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Meet Your Candidate: Greg Lemhouse

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Incumbent Councilmember, City of Ashland

lemhouseGreg Lemhouse is a two-term city council member, and now he has two challengers vying for his seat. What gives? As part of our continued coverage leading up to local elections, we caught up with councilor Lemhouse. More interviews are available at our website, RogueValleyMessenger.com.


Rogue Valley Messenger: After eight years as a council member, what do you feel is your biggest achievement so far?

Greg Lemhouse: Since my election in 2008, the Ashland City Council has established a winter shelter program, built affordable housing, established enterprise and e-commerce overlay zones to encourage growth of local businesses, worked to protect our watershed by completing critical phases of our Ashland Forest Resiliency plan, established the Ashland Climate and Energy committee to create a community-based plan to address the impacts of, and potential for mitigating, climate change, and expanded our fair-housing ordinance to protect against discrimination. 

RVM: What would you say to a voter who says you’ve been in office for 8 years, isn’t it time to give someone else a chance? 

GL: Change for change sake disregards and minimizes the importance of job performance.  If voters do not like the direction of a particular elected official, or more broadly, local, state, or national office holders, an election allows for that opinion to be heard. 

RVM: What three adjectives would you use to describe the current council? 

GL: Committed, earnest, progressive 

RVM: What is your “calling card” issue for this campaign?  

GL: I think people who know me understand my commitment to Ashland, the Ashland School District, the many non-profits I’ve worked with to help those needing a “hand-up” and my role as a problem solver, rather than a person pushing an agenda.

RVM: Can you pay a compliment to your challenger(s)?  

GL: Anyone that puts themselves out there and runs for public office should be respected. The decision to seek a post at the council level, without having served first on a board or commission, shows a lot of courage.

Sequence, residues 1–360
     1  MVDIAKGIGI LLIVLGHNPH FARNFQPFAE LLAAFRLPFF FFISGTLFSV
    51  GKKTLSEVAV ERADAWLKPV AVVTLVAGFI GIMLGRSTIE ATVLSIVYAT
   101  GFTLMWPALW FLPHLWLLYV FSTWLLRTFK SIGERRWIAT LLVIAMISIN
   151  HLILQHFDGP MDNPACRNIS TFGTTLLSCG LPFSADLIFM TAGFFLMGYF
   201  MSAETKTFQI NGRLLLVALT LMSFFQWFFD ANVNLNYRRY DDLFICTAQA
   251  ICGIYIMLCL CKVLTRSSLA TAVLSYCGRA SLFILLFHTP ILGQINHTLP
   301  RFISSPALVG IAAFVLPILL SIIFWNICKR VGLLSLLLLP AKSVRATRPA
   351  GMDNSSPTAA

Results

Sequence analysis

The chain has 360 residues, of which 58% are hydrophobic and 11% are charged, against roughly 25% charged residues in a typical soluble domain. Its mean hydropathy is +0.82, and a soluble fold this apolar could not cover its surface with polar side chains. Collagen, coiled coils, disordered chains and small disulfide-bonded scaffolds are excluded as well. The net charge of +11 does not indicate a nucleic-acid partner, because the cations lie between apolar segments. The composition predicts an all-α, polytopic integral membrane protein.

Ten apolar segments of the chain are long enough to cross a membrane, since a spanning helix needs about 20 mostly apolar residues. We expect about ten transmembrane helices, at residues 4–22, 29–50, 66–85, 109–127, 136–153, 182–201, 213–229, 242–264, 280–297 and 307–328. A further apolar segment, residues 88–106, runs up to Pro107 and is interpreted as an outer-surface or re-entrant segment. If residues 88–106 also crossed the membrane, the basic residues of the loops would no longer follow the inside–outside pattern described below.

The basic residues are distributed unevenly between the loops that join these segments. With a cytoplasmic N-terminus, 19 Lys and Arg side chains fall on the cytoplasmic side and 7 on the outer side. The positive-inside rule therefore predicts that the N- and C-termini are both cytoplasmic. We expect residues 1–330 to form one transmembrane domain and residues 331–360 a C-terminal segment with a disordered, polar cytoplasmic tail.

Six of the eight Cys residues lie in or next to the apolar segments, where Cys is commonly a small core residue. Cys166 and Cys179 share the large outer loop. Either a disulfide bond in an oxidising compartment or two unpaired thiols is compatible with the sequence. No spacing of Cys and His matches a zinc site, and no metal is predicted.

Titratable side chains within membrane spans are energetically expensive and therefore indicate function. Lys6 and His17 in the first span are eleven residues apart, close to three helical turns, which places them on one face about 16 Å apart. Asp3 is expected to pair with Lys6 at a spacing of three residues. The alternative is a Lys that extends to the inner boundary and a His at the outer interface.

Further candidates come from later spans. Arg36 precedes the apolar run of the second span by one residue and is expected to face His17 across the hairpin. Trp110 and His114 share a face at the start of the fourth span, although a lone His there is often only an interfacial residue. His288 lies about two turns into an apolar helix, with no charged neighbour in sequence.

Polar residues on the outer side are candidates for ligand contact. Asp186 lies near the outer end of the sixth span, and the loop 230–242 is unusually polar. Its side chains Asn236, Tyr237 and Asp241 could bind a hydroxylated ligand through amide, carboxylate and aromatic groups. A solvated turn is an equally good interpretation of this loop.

RVM: What do you see as the biggest challenge(s) for the City of Ashland in the upcoming four years? 

GL: Infrastructure: Postponing upgrades to aging infrastructure leads to higher costs for improvements and replacements which in turn creates a greater burden for the taxpayers. Overall upkeep of roads reduces replacement costs thereby helping Ashland to be more affordable.

Social Inequity: We need to address some of social issues that we in Ashland believe may not directly affect us. Discrimination is real and alive in our town and the Council should be diligent in trying to eradicate it.  

Economy: We need to continue to grow local businesses and implement strategies to encourage businesses to start in Ashland.  


Housing: Rental inventory is shrinking rapidly as housing costs go up. To meet this challenge there is a lot we’re doing right but more we could do to help. For example, encouraging in-fill, where infrastructure already exists, helps keep development costs down. Similarly, building or redeveloping housing over commercial buildings offers affordable housing close to schools, bus lines and real food. Meanwhile, the city can help by building up the Ashland Land Trust in order to offer more affordable housing. Finally, we should address policies that will protect renters.  

RVM: If you were a character on the Simpsons (or chose a favorite TV show), who would that be?  

GL: I think there is a little bit of every Simpson in all of us, but I would probably be Marge. I have always been a person that tries to fix the problems and protect others, but I am not sure I could pull off the blue hair as well as she does.


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